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The Brain's Mental Shortcuts Often Lead to Bad Decision-Making, Psychologists Say [VIDEO]

Update Date: Apr 06, 2017 08:22 AM EDT
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A study published in the Journal of Neuroscience suggests that mental shortcuts, or known in psychology as heuristics, allow individuals to solve problems and make judgments quickly. However, heuristics does not always work very well. In fact, mental shortcuts often lead to bad decision-making, the authors of the study point out.

Psychologists at the University of Duke made cognitive tests to verify if serious thinking errors occur when one is using a mental shortcut. In an experiment, participants were asked to take part in an economic game.

Situation one is where they were given $20, but with two choices: 1.) out of the $20, they will surely keep $10 of it; 2.) flip the coin and if it is heads, one gets to keep all $20; and tails, one goes home empty-handed. In this, participants opted for choice one, taking the sure bet of $10.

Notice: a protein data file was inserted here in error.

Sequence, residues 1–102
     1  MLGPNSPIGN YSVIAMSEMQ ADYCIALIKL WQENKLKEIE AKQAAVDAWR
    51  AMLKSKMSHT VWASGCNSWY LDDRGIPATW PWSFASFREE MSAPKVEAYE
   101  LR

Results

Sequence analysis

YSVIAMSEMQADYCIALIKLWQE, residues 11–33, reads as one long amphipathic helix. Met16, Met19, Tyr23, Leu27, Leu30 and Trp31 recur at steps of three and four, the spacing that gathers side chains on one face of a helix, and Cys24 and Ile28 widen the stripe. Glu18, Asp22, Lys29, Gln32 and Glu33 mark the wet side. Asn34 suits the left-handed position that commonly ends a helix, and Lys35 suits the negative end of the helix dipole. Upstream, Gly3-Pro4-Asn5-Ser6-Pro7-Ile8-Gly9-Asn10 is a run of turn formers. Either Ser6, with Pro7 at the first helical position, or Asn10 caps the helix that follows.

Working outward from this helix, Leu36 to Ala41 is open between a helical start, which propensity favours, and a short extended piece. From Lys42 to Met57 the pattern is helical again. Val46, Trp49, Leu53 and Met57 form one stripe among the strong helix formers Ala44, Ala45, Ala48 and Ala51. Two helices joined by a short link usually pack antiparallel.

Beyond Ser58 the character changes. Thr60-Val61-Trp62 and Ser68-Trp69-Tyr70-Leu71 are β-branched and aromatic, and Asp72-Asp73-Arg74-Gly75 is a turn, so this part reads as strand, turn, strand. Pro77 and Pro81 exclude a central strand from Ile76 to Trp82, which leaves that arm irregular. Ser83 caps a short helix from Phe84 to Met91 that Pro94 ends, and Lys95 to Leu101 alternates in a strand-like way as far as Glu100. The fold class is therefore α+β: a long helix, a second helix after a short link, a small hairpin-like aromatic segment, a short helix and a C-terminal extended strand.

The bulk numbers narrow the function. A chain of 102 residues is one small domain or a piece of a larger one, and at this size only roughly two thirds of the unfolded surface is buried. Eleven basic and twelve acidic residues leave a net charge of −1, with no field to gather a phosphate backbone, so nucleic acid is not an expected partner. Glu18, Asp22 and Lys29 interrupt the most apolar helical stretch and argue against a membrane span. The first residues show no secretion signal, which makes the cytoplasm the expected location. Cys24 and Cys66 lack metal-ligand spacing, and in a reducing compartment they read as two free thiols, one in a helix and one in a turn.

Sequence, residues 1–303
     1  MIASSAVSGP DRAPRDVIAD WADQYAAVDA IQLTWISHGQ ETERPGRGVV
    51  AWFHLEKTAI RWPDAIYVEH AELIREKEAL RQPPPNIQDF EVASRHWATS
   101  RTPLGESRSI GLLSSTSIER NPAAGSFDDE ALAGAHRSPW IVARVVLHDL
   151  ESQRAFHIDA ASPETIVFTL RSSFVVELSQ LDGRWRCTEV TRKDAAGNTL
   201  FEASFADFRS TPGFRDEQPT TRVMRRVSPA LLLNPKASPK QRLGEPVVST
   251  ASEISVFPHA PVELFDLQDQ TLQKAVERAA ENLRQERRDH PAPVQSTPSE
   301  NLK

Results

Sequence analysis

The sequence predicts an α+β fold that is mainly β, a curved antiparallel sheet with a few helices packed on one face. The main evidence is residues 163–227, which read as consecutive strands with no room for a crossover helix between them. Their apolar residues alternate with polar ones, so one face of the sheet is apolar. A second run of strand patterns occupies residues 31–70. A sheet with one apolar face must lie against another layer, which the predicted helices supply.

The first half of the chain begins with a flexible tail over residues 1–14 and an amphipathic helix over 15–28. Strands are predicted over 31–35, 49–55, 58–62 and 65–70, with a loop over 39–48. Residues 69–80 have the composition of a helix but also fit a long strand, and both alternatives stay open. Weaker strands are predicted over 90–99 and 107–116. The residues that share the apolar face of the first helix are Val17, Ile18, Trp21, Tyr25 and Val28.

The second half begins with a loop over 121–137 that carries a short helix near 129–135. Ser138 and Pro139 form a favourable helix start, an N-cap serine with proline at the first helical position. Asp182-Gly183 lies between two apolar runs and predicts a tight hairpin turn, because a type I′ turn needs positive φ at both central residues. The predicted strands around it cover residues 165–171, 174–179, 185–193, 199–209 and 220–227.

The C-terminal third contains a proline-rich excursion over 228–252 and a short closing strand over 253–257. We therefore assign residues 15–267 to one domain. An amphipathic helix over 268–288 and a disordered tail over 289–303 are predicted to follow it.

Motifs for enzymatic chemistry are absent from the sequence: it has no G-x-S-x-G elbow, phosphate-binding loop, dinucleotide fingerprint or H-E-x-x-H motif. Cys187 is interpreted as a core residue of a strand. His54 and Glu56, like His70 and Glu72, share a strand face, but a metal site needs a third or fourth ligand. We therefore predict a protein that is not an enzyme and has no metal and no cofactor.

Situation two is where participants were also given $20, but the choices were alternated: 1.) lose $10 and keep the remaining; 2.) flip a coin and if heads, one gets all $20. But if tails, one gets nothing; most opted for choice two.

The brain evaluates two things differently. Both scenarios carry the same level of risk but the participants fell for what's called the "framing effect." This effect shows the way a problem is a framed influence to whether take a risk or play it safe, according to the Lumen Instructor

Go back to the situations and notice that the first thing the brain acknowledges is option one. In Situation One, most participants chose option one because it is the safer choice; thus, the brain going into a mental shortcut, while on Situation Two, participants chose option two because the first option posed a negative effect of the word lose.

If one did not use mental shortcuts in the situations given, one could actually weigh and notice that both are of the same level of risk. But due to heuristics, the brain scanned two same situations differently, leading to bad decision-making, the Huffington Post cited in an article.

Dr. Rosa Lee, the study's lead author wrote in the Journal that the findings of the study support the theory that the biased decision-making seen in the framing effect is due to a lack of mental effort or mental shortcuts, rather than due to emotions.

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